Think of them as a Christmas smorgasbord of werewolf snacks with a smattering of meatier spin off tales from established UF writers. There are too many to review each one but I've added brief comments on the 4 or 5 that caused me to request this for Christmas.
1. Charlaine Harris - Sookie Gift Wrap #8.5: I actually preferred this to the novels probably because it did't have Eric or Bill. Sookie is expecting solitary Christmas. A bit tongue in cheek.4* 2. Patricia Briggs - Star of David #3.5?- great story with David Christiansen, who gets a call from his estranged daughter just before Christmas. Great pace. 5* 3. Karen Chance - Rogue Elements4* creates a were - community within her existing world of war mages featuring Lia and her family. Needs a second read - too much packed in too fast - new view of her established world. Lia is more like Dory or Andrea from Ilona Andrews. 4. Carrie Vaughn - Il Est NeDavid # 2 - a lone werewolf seeks help from Kitty. This reminded me why I liked the Kitty series. Great short: Kitty at her best. 5*. 5. Keri Arthur - Christmas Past Brodie joins the heroine, Hannah, for a Christmas stake out. PR but romantic rather than sexy-quite sweet 4*...more
I really wasn't going to bother with this but since it was here, on the shelves in the holiday cottage in the Dordogne, with temperatures in the mid 3I really wasn't going to bother with this but since it was here, on the shelves in the holiday cottage in the Dordogne, with temperatures in the mid 30s and it being far too hot to do anything other than read or swim in the pool, I thought I'd find out what the 6th formers are reading out aloud to each other in the common room when the teachers aren't around.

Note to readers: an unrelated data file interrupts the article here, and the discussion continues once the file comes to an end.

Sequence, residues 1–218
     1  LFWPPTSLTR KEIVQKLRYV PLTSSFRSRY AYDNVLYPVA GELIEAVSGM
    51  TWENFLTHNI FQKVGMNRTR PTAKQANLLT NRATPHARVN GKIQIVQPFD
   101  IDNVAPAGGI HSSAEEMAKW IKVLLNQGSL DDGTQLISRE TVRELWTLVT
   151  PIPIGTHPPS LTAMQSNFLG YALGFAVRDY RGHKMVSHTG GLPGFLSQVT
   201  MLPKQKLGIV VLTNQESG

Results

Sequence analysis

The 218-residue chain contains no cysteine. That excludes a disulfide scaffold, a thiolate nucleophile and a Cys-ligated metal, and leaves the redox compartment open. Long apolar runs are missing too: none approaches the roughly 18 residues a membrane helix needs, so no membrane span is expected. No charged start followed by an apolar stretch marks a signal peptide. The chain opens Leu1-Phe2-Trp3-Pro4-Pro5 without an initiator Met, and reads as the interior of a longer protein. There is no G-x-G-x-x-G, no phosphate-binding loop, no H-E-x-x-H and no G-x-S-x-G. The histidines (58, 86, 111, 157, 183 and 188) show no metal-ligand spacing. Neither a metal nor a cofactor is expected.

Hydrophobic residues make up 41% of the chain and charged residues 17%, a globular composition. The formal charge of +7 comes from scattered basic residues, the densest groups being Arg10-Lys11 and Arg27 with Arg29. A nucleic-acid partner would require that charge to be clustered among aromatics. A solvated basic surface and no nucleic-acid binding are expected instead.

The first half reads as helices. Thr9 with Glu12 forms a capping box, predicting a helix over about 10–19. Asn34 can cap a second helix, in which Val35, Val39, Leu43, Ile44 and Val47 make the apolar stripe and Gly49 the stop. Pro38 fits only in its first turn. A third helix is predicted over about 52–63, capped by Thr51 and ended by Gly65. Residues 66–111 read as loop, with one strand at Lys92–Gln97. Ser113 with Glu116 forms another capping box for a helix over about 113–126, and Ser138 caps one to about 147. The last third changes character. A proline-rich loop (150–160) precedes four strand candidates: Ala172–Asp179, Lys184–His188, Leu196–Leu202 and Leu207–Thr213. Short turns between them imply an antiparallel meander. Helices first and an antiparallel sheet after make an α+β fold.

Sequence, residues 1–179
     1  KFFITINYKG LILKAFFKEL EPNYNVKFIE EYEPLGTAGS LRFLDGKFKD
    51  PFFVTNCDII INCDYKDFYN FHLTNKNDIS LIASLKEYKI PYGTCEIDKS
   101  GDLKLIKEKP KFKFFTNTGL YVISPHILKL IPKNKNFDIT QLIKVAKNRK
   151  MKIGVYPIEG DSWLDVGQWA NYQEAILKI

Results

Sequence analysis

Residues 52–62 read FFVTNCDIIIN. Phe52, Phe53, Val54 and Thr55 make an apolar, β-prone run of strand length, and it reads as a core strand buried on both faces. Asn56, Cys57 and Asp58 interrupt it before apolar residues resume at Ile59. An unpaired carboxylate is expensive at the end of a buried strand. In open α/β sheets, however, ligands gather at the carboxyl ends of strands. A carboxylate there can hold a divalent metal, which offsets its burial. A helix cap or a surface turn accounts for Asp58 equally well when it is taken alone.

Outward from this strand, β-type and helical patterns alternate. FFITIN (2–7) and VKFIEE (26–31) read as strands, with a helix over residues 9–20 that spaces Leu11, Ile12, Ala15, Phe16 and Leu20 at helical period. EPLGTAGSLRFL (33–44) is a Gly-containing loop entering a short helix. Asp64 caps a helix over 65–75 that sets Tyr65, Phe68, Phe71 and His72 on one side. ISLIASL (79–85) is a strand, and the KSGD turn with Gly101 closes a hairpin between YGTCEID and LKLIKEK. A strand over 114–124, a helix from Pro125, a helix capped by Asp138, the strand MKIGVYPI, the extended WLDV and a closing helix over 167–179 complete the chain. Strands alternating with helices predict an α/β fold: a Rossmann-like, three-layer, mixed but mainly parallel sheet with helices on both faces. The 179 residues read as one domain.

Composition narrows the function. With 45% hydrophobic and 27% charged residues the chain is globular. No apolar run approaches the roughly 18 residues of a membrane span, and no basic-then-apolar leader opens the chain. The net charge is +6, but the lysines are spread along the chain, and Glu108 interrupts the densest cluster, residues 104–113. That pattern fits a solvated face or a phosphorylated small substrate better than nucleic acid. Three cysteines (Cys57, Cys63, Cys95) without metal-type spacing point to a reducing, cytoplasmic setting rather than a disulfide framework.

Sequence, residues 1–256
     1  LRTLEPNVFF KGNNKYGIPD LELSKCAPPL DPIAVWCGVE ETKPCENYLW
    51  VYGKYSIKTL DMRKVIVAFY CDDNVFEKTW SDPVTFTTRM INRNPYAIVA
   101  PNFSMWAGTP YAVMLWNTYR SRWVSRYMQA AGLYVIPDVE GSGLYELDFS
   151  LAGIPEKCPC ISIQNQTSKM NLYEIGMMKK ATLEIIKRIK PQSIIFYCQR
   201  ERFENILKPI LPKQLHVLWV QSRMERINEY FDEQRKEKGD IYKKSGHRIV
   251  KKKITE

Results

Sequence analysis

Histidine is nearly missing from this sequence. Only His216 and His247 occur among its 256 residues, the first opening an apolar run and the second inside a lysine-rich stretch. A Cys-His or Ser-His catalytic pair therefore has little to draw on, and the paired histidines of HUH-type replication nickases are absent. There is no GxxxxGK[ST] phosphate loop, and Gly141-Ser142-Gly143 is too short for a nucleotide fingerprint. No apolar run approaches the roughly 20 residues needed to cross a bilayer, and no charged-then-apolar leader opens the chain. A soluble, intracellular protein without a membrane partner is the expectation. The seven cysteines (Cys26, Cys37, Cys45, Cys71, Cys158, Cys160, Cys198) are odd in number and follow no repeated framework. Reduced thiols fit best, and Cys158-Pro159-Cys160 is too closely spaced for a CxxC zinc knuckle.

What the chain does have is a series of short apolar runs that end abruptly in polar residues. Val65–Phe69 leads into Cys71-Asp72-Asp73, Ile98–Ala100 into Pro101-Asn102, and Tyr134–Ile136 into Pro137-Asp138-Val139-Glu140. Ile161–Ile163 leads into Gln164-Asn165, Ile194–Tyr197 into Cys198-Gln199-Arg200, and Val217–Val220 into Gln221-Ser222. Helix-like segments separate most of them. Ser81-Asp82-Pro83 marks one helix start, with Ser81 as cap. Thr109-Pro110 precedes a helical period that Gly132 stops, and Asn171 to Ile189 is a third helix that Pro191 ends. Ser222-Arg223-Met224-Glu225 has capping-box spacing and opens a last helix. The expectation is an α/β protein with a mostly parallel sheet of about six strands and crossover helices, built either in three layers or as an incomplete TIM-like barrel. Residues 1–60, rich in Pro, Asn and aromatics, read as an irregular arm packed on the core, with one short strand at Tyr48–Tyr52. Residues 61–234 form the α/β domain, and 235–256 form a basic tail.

What amazes me is that anyone got through the first 90 pages or so of poorly written 'plot' to get to the sex. (Though I suppose it did start off as adult Twi-hard fan fiction...) Once you get to the sex manual in the guise of the contract, bondage room and the sexual initation of the virginal heroine, I suppose the audience broadens to the curious but still...
What can I say - it's cliched predictable sex novel with a tortured controlling good looking hero who is dangerous but ultimately attractive to the inexperienced heroine - not so different to '9 and a half weeks' published 30 odd years ago,... which is quite sad really. Still - it's making its author very happy. The sex doesn't worry me particularly - it's not my kind of book: the 'insanely attractive dangerous sex god' cliche has been out there for ages and readers of the PR and R genres get that ..I just hope that girls who come across this for the first time have the sense to dismiss Grey as an archetype and don't go looking for dangerous men for real, or expect them to give them 4 orgasms a night/turn up on their doorstep with sympathy if they cry when they get out of their depth. ...more